Kierkegaard himself had a moment such as this when he realised he had to break off his engagement with Regine Olsen in order to pursue a literary career, which he thought was his divine calling – but it seems he at least half-doubted himself about this for the rest of his life, and felt the need to stave off guilt for having potentially toyed with Olsen's affections...

Bruce Charlton said...

@IB - Yes, I agree. But for this to happen requires (among other things)

1. Metaphysical understanding/ explanation of *why* intuition (etc) is a valid (THE valid) form of knowing.

Otherwise the knowledge you speak of, comes across as bare assertions; assertions that contradict what we think we know about valid knowledge.

Our mistakes of assumption lie very deep, and distort everything above their level, at the level of both everyday and specialized reasoning. This is why metaphysical awareness of our basic assumptions has become an all-but-essential pre-requisite for positive change among Christians, and more broadly.

2. An understanding that intuition or 'clairvoyance' is no longer about achieving altered/ impaired states of lower consciousness (where insights passively flood-into the mind); but about an active, higher and clearer, more powerful forms of thinking. We need to stop supposing that reality is what forces itself upon us from outside, and recognizing that we must actively participate in knowing reality - each must discern and choose reality from among a mass of errors and lies.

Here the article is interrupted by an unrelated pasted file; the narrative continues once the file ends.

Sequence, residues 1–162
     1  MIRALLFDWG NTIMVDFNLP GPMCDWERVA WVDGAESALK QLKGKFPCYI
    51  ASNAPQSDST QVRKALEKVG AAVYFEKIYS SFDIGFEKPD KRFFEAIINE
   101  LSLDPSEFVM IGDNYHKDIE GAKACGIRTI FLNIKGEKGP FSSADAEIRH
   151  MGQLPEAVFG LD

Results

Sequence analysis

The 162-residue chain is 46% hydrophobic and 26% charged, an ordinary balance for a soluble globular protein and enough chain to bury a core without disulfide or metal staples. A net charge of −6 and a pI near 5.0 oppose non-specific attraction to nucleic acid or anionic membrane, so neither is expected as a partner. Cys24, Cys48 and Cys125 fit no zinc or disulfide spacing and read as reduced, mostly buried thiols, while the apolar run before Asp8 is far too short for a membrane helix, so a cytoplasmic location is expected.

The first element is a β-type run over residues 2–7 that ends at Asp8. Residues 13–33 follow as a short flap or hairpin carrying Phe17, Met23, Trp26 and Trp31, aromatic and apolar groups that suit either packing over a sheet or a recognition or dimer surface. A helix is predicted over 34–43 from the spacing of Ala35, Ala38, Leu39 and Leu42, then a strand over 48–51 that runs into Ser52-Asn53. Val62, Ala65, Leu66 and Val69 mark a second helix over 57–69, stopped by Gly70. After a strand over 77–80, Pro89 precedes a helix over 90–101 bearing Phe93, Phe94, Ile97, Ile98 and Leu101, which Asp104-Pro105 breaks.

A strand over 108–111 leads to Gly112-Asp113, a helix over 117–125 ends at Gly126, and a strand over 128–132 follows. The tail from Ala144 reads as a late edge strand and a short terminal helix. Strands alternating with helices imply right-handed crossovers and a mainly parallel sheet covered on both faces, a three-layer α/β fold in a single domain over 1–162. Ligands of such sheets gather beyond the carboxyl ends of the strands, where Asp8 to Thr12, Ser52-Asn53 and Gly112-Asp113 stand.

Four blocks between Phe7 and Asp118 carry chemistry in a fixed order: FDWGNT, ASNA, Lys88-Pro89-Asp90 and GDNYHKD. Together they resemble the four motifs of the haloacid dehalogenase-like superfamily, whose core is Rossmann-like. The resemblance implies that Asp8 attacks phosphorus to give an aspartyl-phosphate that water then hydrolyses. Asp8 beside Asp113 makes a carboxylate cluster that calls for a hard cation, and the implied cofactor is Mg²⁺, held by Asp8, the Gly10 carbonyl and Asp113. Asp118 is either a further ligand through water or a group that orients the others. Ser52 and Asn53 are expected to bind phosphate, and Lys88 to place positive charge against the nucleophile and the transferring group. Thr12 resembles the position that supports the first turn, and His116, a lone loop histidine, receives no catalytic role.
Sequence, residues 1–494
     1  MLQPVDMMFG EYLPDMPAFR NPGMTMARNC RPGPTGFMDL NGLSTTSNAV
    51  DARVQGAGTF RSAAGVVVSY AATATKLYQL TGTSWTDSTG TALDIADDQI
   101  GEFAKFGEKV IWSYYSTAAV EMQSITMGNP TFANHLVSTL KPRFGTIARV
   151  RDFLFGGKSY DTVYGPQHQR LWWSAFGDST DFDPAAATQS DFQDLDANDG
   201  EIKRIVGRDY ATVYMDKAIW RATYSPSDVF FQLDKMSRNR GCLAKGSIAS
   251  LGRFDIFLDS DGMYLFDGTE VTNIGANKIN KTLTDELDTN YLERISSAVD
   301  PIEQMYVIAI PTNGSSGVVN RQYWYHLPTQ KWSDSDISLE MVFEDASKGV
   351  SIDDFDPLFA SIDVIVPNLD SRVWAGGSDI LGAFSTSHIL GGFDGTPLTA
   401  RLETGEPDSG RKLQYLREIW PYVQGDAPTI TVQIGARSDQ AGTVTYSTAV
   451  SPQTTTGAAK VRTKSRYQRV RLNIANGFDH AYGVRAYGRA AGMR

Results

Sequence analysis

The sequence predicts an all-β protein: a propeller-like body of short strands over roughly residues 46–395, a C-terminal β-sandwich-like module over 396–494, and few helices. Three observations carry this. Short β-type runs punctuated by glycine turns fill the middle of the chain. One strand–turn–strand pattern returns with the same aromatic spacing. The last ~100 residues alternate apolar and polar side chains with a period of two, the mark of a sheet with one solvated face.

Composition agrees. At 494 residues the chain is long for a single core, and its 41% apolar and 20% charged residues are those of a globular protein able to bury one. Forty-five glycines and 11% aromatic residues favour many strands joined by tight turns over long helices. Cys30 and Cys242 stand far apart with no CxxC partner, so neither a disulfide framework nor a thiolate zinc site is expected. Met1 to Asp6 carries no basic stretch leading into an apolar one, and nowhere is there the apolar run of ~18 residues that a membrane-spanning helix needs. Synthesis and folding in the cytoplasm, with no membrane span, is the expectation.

And the 'form' of this thinking is more about right motives honestly pursued; rather than a result of expertise in special 'meditative' techniques/ methods/ training/ initiation (which were just an intermediate phase; characteristic of the agrarian period of consciousness between hunter gatherers and our industrial world - and which essentially ended for us with the middle ages).

Python said...

"Tomorrow, and tomorrow, and tomorrow,
Creeps in this petty pace from day to day,
To the last syllable of recorded time;
And all our yesterdays have lighted fools
The way to dusty death. Out, out, brief candle!
Life's but a walking shadow, a poor player,
That struts and frets his hour upon the stage,
And then is heard no more. It is a tale
Told by an idiot, full of sound and fury,
Signifying nothing."

Yeah, existentialism is clearly a modern issue...

Bruce Charlton said...

@P - Well. there is more to existentialism than pessimism. But the real issue about the development of Man's consciousness is metaphysical - it can neither be proved nor disproved by evidence.